The Los Angeles Dodgers' pitching staff surrendered four home runs against the Atlanta Braves. Two of them came off Hiroki Kuroda, who had an otherwise solid outing and got no runs to work with while he was in the game.
Kuroda allowed two runs and five hits in 6 1-3 innings on Tuesday night before the Braves exploded for eight runs in the ninth against Kenley Jansen and Ramon Troncoso in a 10-1 victory — Brandon Beachy's first in the majors.
"That's a tough thing for us because we were down by two, and then we get back in the game in the seventh," Dodgers manager Don Mattingly said. "The final score looks different than what the game really was. It's a 2-1 game going into the ninth, and then you just can't stop them."
Los Angeles got on the board in the seventh against Scott Linebrink when Juan Uribe led off with a scratch single off Linebrink's glove. Uribe scored from third when third baseman Chipper Jones robbed rookie Jerry Sands of a possible double down the line with a diving stop and threw him out by a step.
"I was a little out of position for where he hit it, because he's been inside the ball the last two nights and hitting it the other way quite a bit," Jones said. "Apparently, we ran one in on him and he got around on it. It was just a reaction play, trying to knock it down and keep it on the infield. It stuck, and I made a good enough throw to get him and preserve the lead there."
The run ended a scoreless streak of 18 2-3 innings by the Braves' bullpen. Jonny Venters replaced Linebrink, striking out pinch-hitter Marcus Thames and retiring Casey Blake on a bases-loaded grounder after a two-out walk to Jamey Carroll.
In the Braves' ninth, Eric Hinske batted for Venters and deposited Jansen's 3-1 pitch into the first row of the lower seats in the right field corner for a two-run homer. It was Hinske's first of the season and sixth of his career as a pinch-hitter. He also capped the rally with an RBI single after Dan Uggla's three-run homer off Troncoso and RBI singles by Brian McCann and Alex Gonzalez.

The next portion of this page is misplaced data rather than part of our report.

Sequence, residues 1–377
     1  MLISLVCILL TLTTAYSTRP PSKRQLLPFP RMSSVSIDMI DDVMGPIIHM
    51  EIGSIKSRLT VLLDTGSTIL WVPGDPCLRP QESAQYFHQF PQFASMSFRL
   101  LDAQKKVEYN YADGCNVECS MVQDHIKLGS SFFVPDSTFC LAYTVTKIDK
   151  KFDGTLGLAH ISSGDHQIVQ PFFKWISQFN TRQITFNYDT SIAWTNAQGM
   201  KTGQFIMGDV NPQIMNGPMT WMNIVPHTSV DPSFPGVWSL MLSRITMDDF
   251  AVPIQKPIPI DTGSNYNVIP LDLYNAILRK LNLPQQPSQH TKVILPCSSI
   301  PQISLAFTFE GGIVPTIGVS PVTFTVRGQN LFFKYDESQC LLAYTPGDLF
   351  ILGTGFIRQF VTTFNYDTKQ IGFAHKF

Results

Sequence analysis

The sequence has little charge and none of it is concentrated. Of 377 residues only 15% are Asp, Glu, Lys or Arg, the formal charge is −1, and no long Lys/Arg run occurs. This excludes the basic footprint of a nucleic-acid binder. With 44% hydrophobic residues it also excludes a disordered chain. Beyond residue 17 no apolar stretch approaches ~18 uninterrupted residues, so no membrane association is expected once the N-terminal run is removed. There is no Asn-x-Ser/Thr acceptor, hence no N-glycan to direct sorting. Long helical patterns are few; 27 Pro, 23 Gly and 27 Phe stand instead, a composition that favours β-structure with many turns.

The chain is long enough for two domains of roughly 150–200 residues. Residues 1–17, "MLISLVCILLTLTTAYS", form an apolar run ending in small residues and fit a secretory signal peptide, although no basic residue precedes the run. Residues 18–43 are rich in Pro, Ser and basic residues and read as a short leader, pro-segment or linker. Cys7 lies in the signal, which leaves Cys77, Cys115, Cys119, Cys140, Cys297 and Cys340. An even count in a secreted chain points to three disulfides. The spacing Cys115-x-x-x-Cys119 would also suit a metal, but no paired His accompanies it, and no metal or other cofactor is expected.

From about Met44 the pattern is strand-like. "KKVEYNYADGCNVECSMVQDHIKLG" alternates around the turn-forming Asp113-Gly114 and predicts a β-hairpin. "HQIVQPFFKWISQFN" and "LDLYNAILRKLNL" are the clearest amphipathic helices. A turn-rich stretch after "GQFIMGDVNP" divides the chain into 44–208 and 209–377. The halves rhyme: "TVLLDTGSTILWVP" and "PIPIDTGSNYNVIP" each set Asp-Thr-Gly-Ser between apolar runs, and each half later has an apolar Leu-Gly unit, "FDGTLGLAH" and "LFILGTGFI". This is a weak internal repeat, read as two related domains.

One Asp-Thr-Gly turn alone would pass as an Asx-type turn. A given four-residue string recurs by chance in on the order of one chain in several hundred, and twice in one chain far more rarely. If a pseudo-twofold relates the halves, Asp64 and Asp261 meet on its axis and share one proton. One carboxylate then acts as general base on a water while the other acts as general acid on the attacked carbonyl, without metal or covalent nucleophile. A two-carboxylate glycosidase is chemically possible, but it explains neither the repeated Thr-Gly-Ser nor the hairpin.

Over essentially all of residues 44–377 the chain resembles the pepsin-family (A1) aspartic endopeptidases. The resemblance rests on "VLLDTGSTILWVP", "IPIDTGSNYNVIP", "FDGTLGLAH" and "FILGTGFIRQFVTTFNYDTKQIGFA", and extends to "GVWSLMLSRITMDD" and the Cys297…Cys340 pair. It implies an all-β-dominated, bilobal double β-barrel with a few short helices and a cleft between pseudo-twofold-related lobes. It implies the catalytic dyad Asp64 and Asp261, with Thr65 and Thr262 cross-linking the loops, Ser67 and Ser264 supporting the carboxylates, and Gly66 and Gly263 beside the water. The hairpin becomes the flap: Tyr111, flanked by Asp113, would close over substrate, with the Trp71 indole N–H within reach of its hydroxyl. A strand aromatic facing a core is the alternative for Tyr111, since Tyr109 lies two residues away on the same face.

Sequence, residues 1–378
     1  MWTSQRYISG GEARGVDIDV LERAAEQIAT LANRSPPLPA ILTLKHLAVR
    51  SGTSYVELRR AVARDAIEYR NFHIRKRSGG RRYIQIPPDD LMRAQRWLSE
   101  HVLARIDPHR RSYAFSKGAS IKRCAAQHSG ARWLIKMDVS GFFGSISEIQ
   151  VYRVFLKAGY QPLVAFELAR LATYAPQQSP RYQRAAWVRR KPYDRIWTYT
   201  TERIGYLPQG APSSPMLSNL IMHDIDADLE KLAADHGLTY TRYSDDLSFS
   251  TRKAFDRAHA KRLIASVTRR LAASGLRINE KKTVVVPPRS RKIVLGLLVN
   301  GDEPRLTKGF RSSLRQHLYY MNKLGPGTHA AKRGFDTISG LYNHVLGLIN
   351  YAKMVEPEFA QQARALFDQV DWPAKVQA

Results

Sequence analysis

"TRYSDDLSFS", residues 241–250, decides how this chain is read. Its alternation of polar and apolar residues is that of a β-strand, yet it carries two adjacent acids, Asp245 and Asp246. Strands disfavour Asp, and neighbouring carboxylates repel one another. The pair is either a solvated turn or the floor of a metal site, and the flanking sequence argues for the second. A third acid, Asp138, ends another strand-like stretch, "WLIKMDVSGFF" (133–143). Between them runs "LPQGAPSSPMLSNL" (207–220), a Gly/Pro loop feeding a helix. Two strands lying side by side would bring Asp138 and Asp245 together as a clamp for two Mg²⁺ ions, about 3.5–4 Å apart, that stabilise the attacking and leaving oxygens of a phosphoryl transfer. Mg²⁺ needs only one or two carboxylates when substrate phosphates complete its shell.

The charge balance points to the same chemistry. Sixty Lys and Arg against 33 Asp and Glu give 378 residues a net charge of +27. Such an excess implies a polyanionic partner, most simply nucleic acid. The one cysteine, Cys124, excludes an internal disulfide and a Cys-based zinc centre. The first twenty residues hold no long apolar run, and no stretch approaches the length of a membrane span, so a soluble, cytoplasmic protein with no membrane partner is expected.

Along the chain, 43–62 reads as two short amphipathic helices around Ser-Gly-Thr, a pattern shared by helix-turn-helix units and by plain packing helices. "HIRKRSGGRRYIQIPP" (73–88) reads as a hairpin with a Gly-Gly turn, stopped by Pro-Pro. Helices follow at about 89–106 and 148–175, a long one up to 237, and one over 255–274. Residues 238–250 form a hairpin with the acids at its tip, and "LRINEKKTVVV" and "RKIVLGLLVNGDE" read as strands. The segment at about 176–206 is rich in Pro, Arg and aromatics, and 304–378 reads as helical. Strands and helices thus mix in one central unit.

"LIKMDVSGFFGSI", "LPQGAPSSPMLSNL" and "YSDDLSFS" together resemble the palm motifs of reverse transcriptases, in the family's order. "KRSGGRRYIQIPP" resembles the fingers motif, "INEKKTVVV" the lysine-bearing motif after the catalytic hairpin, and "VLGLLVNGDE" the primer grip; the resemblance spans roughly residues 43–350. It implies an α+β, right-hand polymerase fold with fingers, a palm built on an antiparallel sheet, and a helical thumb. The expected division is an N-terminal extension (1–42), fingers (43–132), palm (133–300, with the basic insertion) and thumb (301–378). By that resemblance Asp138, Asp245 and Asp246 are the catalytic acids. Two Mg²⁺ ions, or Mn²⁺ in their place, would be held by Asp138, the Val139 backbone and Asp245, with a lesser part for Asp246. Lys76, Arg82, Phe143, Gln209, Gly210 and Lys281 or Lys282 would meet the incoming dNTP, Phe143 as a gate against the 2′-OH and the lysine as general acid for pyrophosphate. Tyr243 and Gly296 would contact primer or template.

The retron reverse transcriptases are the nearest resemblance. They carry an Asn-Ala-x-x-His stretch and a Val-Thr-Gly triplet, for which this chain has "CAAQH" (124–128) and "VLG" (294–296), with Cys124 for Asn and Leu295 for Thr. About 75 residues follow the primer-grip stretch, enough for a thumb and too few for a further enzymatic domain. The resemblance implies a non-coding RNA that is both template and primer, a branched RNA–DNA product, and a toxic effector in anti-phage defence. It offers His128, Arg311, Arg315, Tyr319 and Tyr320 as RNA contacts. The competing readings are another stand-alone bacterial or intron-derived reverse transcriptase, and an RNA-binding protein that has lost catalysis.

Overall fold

"Those are all major league hitters, and any time anyone can pop it out of the yard," Dodgers catcher Rod Barajas said. "The guys who hit them tonight, they all have power. They're not slap guys, who you wouldn't necessarily say have no power."
Kuroda, a control specialist who came in averaging 2.02 walks per nine innings during his four-plus seasons in the majors, walked his first two batters in the fifth before starting a 1-6-3 double play on Nate McLouth's comebacker and retiring Beachy on a groundout with Freddie Freeman at third.
But in the sixth, Martin Prado led off with a drive that barely cleared the fence in left-center. The homer was just the second hit off Kuroda to that point, including Prado's leadoff single in the first. Kuroda got behind Freeman 2-1 before his next pitch cleared the fence just to the left of center field.
"He went out there and competed. When you give up two solo home runs in seven innings, that's not a bad outing," said Barajas, who got the night off while A.J. Hinch caught Kuroda for the third time in his four starts. "Every now and then those mistakes are going to be hit out of the park. But he pounded the strike zone. He struggled in his last outing. And to come back and give us that kind of performance, it was a game we could have won."
Kuroda was lifted with one on in the seventh when Brooks Conrad came up as a pinch-hitter for Beachy. Kuroda lost a 1-0 decision to Tim Hudson last August in Atlanta when Conrad homered against him in the seventh inning. The right-hander also pitched a one-hit shutout against the Braves at Dodger Stadium on July 7, 2008.
"He throws a four-seamer that can ride up in the zone, a two-seamer that he spots on the outside corner, a tight little slider 85-86 miles an hour and a split that was very effective for him in the first inning," Jones said. "After that, he had a little trouble throwing it for strikes. That's a big strikeout pitch for him."
Andre Ethier hit a two-out double to right field off Jason Heyward's glove at the warning track with two outs in the first, but was stranded. The hit extended the longest active hitting streak in the majors to 16 games and matched the longest streak of Ethier's career, which he established as a rookie in 2006.
Beachy (1-1) yielded just two hits over six scoreless innings, struck out seven and walked two in his seventh big league start. He came in with a 5.19 ERA over his three previous outings, including a 6-5 loss on Thursday against Florida at Turner Field in which he was charged with five runs and four walks in 5 1-3 innings.
"It's not a bad place to get the first win. I don't think any place would have been a bad place for that, but I think it's pretty cool that it happened here," said Beachy, who struck out the side in the fourth. "It took a lot longer than I had hoped to get it, but it feels good."
Notes: Mattingly will celebrate his 50th birthday on Wednesday. He spent his entire 14-year playing career with the Yankees, who were 6-4 when Mattingly played on his birthday. In those games, he was 12 for 38 with nine RBIs, including home runs on his 26th and 29th birthdays. ... Beachy did not give up a home run for the first time this season. The Braves' staff has gone 50 consecutive innings without allowing a homer.